Scotch whisky has a rich and storied tradition in various regions of Scotland. It’s history dates back to the end of the 15th century, and since has grown tremendously in flavor and appeal. Single-malt scotch is some of the finest, and most sought after in the world for it’s unique characteristics, aromas, and tastes, all depending on the region from which it hails.
Fermented in oak barrels on malted barley for a minimum of three years is mandatory for a single-malt scotch, although many of the best brands are aged as long as eight years or more. Increased fermenting time normally increases alcohol content, which influences the way the final product looks and tastes. Scotch whiskys are within the 80 to 190 proof range.
Of the five regions from which true scotch whiskys hail, each holds it’s own unique traits due to various natural and local influences. Whiskys which hail from the Speyside region tend to have a smooth, somewhat fruity finish as a result of the fresh water used for distillation. This region has the highest density of distilleries, and produces Glenfiddich, a fairly well-known brand. This region also produces Macallan scotch whisky which, often time’s referred to as a Highland single malt, holds true to it’s tradition of being a Speyside regional whisky.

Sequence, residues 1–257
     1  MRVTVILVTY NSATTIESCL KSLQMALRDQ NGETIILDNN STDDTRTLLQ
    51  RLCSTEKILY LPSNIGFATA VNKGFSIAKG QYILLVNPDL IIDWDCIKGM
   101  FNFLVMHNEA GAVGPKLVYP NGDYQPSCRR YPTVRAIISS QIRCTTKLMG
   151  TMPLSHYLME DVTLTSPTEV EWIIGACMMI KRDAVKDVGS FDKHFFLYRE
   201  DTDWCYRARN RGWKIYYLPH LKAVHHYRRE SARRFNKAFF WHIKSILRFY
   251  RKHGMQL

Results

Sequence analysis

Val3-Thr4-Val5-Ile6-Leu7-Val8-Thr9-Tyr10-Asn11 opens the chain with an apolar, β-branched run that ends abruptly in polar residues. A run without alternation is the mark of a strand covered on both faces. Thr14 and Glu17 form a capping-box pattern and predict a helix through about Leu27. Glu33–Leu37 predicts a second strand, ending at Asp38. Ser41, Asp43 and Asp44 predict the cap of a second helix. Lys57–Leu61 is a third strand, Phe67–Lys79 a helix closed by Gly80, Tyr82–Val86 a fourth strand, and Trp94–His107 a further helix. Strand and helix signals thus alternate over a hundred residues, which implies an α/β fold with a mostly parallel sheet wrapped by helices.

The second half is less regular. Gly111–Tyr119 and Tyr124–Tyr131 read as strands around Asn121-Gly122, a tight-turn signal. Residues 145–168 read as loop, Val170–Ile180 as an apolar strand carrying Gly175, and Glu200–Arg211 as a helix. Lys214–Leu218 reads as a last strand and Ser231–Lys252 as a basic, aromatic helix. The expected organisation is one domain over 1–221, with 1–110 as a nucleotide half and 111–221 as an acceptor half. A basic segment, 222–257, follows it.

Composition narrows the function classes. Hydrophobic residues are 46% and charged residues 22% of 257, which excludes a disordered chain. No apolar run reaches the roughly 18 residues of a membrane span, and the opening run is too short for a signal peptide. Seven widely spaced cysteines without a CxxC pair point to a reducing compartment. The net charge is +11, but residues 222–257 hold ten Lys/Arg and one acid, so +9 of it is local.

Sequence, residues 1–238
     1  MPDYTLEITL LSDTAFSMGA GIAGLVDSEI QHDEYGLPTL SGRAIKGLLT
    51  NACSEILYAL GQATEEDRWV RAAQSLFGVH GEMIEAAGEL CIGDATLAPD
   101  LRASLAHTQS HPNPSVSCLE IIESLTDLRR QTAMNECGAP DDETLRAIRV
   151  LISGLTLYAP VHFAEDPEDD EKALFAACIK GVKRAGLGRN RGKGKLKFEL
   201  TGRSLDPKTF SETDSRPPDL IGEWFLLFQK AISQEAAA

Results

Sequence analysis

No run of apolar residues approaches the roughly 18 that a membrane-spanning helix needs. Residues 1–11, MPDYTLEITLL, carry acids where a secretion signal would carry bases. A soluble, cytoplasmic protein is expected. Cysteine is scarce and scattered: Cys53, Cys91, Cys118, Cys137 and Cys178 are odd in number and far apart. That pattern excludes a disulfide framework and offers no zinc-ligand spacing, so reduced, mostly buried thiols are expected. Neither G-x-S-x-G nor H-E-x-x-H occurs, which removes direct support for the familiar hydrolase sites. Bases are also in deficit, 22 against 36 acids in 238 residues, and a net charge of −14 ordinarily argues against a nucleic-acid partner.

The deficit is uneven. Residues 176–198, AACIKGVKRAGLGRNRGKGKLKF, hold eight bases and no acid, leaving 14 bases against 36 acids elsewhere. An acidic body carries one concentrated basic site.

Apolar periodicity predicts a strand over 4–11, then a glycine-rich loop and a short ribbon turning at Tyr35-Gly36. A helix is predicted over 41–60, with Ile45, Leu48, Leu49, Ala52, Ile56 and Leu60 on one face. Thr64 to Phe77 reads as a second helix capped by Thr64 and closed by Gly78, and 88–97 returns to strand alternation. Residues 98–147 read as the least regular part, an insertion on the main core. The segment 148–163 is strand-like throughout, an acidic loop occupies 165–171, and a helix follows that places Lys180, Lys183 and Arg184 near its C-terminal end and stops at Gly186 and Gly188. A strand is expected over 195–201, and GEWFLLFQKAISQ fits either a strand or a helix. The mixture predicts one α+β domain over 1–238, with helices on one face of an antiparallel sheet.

Formerly of it’s own region, the Island region is now considered part of the Highlands region, although they share characteristics more relative to the Islay region scotch whiskys – with traces of iodine and hints of saltiness due to the proximity to the sea with which these brands are distilled. The Islay region produces whiskys of high flavor, with a unique smokiness that can be attributed to the peat moss used in manufacturing.
Highland whiskys are variable in terms of flavor, ranging from smooth like Speyside’s to smokey like an Islay scotch. In general, Highland’s tend to be more full-bodied than other scotch whiskys. One of the most famous Highland distilleries, Glenmorangie, boasts the tallest stills in all of Scotland.
The Lowlands region produces some fine, flavorful scotch. Distilling their malts three-times gives these whiskys a light body with hints of flavor. Only three true distilleries remain in this region, but they continue to hold true to the tradition of these great malts.
So as you can see, when it comes to choosing a unique, flavorful, traditional Scotch, there are plenty of options. The whisky ratings are only determined by the connoisseur, the casual drinker, the appreciator of time, effort, and time-honored traditions which bring you the best whiskys in the world – straight from Scotland.